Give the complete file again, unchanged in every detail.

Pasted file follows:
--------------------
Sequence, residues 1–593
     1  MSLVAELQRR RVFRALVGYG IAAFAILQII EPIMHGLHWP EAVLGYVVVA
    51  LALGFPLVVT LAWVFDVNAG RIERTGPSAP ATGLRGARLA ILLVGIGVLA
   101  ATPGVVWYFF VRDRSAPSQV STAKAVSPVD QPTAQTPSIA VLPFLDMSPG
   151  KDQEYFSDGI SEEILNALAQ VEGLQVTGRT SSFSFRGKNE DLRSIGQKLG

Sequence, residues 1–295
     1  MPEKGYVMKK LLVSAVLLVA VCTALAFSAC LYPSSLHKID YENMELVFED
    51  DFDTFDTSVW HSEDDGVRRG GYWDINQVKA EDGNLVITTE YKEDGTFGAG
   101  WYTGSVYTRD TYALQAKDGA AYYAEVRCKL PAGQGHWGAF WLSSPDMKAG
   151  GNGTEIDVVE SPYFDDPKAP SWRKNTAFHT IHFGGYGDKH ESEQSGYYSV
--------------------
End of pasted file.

Sequence, residues 1–593
     1  MSLVAELQRR RVFRALVGYG IAAFAILQII EPIMHGLHWP EAVLGYVVVA
    51  LALGFPLVVT LAWVFDVNAG RIERTGPSAP ATGLRGARLA ILLVGIGVLA
   101  ATPGVVWYFF VRDRSAPSQV STAKAVSPVD QPTAQTPSIA VLPFLDMSPG
   151  KDQEYFSDGI SEEILNALAQ VEGLQVTGRT SSFSFRGKNE DLRSIGQKLG

Sequence, residues 1–295
     1  MPEKGYVMKK LLVSAVLLVA VCTALAFSAC LYPSSLHKID YENMELVFED
    51  DFDTFDTSVW HSEDDGVRRG GYWDINQVKA EDGNLVITTE YKEDGTFGAG
   101  WYTGSVYTRD TYALQAKDGA AYYAEVRCKL PAGQGHWGAF WLSSPDMKAG
   151  GNGTEIDVVE SPYFDDPKAP SWRKNTAFHT IHFGGYGDKH ESEQSGYYSV